If the first part of paragraph sixteen were interpreted to mean that the court can modify any part of the agreement, then the second part of the paragraph is rendered superfluous. In other words, either party could seek a modification of any provision at any time without written agreement by the other party. In effect, the provision, "a modification or waiver of any of the terms of this Agreement shall be effective only if made in writing . . ." would be extraneous. "Parties generally do not insert meaningless provisions in their agreements and therefore every provision must be given effect if reasonably possible." (Internal quotation marks omitted.) Barnard v. Barnard, supra, 214 Conn. 99, 116.
O'Bryan v. O'Bryan, supra, 67 Conn.App. 51, is instructive in interpreting the combined effects of paragraphs four and sixteen of these parties' agreement. In O'Bryan, the parties divorced in October 1992. The separation agreement, which was incorporated into the judgment, provided that the husband would pay child support until the children reached the age of twenty-seven and twenty-one, respectively. In April 2000 the trial court modified his obligation to pay postmajority child support. The trial court relied on the following provision as authority for the modification:
In the event that a decree dissolving the marriage of the parties hereto, or a decree of divorce between the parties hereto, shall be entered in any court of competent jurisdiction, a subsequent modification by any court of competent jurisdiction of such decree shall, to the extent that it varies the terms of this agreement be deemed to amend this agreement in accordance with the terms of such modification.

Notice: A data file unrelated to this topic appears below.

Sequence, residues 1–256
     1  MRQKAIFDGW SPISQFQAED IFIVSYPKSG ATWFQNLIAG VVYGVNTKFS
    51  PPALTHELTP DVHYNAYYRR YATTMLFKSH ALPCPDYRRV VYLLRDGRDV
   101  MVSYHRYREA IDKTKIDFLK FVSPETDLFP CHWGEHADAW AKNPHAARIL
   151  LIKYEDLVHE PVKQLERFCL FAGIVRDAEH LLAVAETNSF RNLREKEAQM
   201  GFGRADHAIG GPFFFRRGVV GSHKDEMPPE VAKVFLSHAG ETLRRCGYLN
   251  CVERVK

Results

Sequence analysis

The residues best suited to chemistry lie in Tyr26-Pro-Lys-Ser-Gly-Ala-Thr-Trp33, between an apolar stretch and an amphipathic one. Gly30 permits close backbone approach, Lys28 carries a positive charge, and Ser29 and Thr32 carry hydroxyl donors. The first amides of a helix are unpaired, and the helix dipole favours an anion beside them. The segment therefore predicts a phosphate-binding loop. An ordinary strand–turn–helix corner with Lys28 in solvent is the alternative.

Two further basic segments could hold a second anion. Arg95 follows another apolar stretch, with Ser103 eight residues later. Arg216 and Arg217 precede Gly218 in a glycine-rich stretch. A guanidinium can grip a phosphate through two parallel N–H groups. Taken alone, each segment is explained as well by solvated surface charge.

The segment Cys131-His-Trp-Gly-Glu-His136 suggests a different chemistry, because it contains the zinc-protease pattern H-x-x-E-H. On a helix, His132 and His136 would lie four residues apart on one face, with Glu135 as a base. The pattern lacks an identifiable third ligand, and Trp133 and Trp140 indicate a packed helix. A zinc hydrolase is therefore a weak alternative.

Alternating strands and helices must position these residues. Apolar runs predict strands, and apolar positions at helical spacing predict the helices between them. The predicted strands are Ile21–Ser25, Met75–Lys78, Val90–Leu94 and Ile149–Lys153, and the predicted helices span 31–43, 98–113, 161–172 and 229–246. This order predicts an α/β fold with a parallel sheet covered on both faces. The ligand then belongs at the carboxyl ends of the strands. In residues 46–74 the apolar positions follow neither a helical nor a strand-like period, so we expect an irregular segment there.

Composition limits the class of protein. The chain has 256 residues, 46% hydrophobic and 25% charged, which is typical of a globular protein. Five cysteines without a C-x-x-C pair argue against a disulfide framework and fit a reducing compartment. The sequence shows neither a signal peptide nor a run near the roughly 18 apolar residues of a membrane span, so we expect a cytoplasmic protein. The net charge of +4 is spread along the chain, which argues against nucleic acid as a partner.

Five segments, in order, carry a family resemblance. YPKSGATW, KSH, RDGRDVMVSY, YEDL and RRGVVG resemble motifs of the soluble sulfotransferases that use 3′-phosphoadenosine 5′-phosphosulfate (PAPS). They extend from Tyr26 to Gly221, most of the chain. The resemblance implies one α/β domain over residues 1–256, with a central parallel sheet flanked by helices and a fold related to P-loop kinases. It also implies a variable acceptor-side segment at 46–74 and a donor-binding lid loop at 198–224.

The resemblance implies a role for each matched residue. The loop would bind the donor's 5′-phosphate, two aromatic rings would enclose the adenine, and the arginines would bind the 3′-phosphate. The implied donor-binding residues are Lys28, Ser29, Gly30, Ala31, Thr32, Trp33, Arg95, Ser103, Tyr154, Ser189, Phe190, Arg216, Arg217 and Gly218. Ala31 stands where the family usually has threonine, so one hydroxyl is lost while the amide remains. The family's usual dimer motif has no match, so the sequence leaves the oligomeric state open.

The wife appealed, arguing that the court did not have authority to modify the agreement as to postmajority child support because the agreement specified that " [t]he Husband shall pay to the Wife as child support . . ." (Emphasis in original; internal quotation marks omitted.) Id., 56. The Appellate Court held that the trial court had no authority to modify the postmajority child support. The Appellate Court found that to use the aforesaid contract provision to authorize court modifications of postmajority child support would render meaningless another provision, which provided that "a modification . . . shall be effective only if made in writing and executed with the same formality as this agreement." (Internal quotation marks omitted.) Id., 57.
In summary, the first portion of paragraph sixteen does not confer upon the court the authority to judicially modify the agreement but merely acts to conform the agreement to the judgment if the court exercises its legal authority to modify other portions of the judgment, such as alimony and traditional child support. The second portion of paragraph sixteen sets forth the mechanism for the parties to modify the contract by mutual agreement. And paragraph four contains no authority for the court to modify the judgment as to the postmajority educational support. The court is without authority to modify the defendant's obligation to contribute to his childrens' postmajority educational expenses. Motion #114 is DENIED.